• All organisations that develop national guidance and systems that may impact on information governance should consult the board. This would help to minimise confusion and establish the board as an authoritative central source of guidance on information governance issues.
  • The board should help to promote the efforts of the Information Centre to harmonise the data collected from NHS and independent sector providers to ensure that patients have the data needed to make informed choices about their care.
  • The board should promote transparent central analysis and reporting of incidents related to the management of personal information. Connecting for Health
  • Should continue to develop the tools that support the performance assessment and management of information to reflect patient care pathways (for example, mental health services) and outcomes for patients such as the safety and quality of care.
  • External validation and audit (by NHS internal audit or external auditors) of healthcare organisations’ self assessments using these tools should be mandatory. The UK Council of Caldicott Guardians
  • Should encourage all health and social care organisations to have a designated Caldicott Guardian working as part of a wider information governance team. Caldicott Guardians should try to understand the reasons why patients and staff view confidentiality of personal information differently. This should help to shape appropriate training for staff and contribute to a shared understanding with patients of the issue of confidentiality. Regulators
  • Should include the quality of local information within their performance assessments and whether and how personal information is transferred across care pathways for the benefit of patients.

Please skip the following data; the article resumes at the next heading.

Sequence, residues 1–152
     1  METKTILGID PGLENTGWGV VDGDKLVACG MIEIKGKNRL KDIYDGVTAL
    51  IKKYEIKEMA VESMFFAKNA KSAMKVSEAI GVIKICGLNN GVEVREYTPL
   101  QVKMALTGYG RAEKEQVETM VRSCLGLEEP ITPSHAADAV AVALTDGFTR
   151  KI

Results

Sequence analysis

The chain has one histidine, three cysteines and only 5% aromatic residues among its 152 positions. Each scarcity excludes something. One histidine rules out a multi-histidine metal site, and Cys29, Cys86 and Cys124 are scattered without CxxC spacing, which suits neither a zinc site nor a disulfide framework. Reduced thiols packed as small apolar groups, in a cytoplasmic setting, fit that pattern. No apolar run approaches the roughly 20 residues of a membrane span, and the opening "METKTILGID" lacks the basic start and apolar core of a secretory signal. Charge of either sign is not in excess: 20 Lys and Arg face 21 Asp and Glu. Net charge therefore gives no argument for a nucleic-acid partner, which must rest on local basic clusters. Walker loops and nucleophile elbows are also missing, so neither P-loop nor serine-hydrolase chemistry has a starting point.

6 Care Quality Commission The right information, in the right place, at the right time Introduction Having access to accurate personal information and sharing it securely and efficiently is essential for the high quality healthcare we expect. The good management of personal information also underpins the Care Quality Commission’s vision of high quality care that:
  • Is safe.
  • Has the right outcomes, including clinical outcomes.
  • Is a good experience for the people who use it, their carers and their families.
  • Helps to prevent illness, and promotes healthy, independent living.
  • Is available to those who need it, when they need it.
  • Provides good value for money. It is worth considering the vast scale of the health system and the amount of information involved in providing this care: during 2007/08, there were over 14 million first outpatient attendances in hospitals in England. In a typical week, 1.4 million people receive help in their home from the NHS.1 In total, 1 million people see someone in the NHS every 36 hours.2 Care pathways for patients may involve different organisations, including advice provided over the phone, care from staff in GP practices or healthcare staff outside the NHS in services run by independent healthcare providers and staff who are part of the social care sector employed by local authorities or voluntary sector organisations.

Advances in technology, such as telemedicine, mean that patients can access care such as radiology from specialists who may not be in the same physical locality as the patient. High quality medical images can be transmitted via high speed computer networks from the patient to the specialist. It is not only patients’ information which is stored or shared. The NHS is one of the world’s largest employers with close to 1.4 million employees, and the personal details of each of these people must also be managed effectively.

The volume and complexity of information managed by an increasingly mixed economy of healthcare organisations is impressive.